Professor Diane Coyle gave a fascinating InstEAD Annual Lecture on how current definitions of Gross Domestic Product (GDP) are inadequately accounting for the digital economy.
Diane’s lecture addressed how historically economics has dealt with new technological developments and how the current measure of GDP accounts for the buying and selling of goods and services but excludes non-financial activities such as caring for children and open source innovation that has emerged online.
Diane argued that the digital consumption of goods has had a wider impact on the economy. For example, movie rental and music shops common on our high streets 20 years ago have been replaced by Netflix and Spotify consumed digitally in our homes or mobiles. The impact has been that investment in buildings by retail companies has declined and a further drop can be seen in capital investment by the banking and finance industry.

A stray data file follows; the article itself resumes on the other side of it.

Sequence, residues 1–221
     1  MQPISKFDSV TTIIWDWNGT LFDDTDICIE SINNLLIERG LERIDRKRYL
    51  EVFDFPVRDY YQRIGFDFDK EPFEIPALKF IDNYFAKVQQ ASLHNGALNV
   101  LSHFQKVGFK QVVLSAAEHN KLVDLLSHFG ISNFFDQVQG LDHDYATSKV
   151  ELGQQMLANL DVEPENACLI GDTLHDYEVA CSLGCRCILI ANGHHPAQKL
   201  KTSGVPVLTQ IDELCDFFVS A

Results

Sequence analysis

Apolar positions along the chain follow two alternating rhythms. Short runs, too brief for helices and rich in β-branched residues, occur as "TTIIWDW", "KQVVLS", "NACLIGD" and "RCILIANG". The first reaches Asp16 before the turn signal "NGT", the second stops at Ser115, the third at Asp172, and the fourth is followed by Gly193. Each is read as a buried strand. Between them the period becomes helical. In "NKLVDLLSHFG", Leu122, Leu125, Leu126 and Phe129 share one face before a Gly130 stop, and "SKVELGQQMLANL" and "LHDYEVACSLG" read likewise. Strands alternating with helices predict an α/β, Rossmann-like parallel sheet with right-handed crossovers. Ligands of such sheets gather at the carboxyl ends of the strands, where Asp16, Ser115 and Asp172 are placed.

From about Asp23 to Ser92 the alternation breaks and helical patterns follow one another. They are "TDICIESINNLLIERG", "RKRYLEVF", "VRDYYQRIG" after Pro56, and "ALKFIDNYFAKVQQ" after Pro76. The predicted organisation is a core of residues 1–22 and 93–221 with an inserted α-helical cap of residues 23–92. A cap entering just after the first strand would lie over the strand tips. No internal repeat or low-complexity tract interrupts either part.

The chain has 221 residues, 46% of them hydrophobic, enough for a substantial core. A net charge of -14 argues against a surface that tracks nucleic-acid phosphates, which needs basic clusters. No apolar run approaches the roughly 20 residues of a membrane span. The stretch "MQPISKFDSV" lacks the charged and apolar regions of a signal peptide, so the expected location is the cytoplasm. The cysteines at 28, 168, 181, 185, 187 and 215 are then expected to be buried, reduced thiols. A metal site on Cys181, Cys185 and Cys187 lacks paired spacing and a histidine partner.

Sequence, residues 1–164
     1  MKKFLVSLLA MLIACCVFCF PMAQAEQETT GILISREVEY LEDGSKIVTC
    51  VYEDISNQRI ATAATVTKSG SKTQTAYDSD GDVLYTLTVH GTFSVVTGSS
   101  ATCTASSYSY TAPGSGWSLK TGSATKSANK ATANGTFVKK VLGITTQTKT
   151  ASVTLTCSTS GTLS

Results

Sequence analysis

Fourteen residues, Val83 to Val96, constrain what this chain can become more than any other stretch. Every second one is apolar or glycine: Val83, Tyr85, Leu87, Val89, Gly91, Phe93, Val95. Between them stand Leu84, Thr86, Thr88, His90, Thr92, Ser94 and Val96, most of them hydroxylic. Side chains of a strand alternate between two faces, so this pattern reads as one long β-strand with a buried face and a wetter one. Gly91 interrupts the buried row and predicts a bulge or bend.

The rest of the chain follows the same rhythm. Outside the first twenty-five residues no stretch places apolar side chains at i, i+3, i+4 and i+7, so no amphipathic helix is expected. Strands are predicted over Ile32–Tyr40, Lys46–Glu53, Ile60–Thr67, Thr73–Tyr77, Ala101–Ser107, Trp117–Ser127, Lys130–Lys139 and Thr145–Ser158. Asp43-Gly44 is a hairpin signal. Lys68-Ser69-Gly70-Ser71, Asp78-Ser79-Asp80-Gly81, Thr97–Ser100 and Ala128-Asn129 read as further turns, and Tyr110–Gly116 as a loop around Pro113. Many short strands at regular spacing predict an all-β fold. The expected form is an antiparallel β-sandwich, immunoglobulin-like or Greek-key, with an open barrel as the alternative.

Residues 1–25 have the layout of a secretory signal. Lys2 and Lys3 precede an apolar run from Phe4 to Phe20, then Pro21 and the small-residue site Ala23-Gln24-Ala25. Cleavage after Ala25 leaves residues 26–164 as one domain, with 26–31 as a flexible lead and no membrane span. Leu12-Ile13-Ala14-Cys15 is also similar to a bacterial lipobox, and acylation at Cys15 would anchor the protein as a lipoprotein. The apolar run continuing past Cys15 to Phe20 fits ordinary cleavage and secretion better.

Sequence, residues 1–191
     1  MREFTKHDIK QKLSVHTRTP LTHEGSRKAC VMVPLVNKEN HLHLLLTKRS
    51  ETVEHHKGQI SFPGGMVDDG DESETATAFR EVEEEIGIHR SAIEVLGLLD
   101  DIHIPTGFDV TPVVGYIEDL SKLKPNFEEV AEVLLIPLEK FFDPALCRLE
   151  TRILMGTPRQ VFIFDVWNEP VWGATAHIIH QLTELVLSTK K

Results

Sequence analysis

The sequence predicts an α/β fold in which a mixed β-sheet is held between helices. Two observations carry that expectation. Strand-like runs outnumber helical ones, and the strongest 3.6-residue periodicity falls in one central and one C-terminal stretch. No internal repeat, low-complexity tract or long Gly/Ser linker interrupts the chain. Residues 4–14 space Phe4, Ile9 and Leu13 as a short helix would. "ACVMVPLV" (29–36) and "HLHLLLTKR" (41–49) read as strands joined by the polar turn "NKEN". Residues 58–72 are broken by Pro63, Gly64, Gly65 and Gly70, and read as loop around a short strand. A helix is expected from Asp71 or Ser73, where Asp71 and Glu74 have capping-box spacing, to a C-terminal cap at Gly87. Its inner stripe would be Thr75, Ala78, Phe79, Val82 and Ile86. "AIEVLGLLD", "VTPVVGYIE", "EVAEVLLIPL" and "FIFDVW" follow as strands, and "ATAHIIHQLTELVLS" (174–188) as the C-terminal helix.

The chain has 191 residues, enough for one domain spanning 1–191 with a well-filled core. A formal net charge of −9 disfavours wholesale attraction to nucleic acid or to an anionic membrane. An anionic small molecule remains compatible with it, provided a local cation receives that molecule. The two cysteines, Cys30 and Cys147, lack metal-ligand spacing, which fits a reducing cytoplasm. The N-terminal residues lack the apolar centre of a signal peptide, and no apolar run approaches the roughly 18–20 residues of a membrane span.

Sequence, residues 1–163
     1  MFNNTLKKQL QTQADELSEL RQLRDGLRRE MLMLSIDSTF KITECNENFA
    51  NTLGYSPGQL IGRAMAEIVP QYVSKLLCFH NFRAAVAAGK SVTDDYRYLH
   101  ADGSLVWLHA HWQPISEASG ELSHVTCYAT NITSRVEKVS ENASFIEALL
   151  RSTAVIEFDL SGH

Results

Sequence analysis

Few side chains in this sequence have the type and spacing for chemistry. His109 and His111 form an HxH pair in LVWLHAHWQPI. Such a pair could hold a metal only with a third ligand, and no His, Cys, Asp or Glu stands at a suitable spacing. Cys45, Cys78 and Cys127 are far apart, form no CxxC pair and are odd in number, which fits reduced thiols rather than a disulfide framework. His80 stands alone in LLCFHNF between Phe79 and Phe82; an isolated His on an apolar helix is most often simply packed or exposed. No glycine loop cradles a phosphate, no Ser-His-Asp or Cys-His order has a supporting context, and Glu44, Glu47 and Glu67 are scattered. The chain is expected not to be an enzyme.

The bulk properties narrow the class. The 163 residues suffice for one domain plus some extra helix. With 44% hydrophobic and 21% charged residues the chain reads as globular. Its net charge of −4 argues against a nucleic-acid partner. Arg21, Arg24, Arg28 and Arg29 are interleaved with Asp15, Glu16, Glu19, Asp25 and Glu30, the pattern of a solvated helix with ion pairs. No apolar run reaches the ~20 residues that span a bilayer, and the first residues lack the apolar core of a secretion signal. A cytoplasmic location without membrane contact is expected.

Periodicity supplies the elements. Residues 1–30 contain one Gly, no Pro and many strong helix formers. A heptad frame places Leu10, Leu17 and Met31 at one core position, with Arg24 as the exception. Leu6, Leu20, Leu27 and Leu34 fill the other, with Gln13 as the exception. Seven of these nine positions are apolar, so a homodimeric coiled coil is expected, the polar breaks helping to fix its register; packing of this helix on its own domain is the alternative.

A correlation can be observed between the productivity problem of the UK – where real GDP has not increased significantly since 2007 – and the sharp increase in smartphone sales around the same time. Diane argued that many of the goods we would buy such as games, books, maps, watches, diaries and calculators are replaced by smartphones and their apps.
Finally, Diane discussed moving away from GDP to a new measure of our economy that uses metrics such as living standards and wellbeing rather than simply transactional goods and services. An example of such a measure is the Social Progress Index.
Diane outlined an initial cost to countries that adopted this new measure. But if there were sufficient early adopters who switched, there could be collective benefits.
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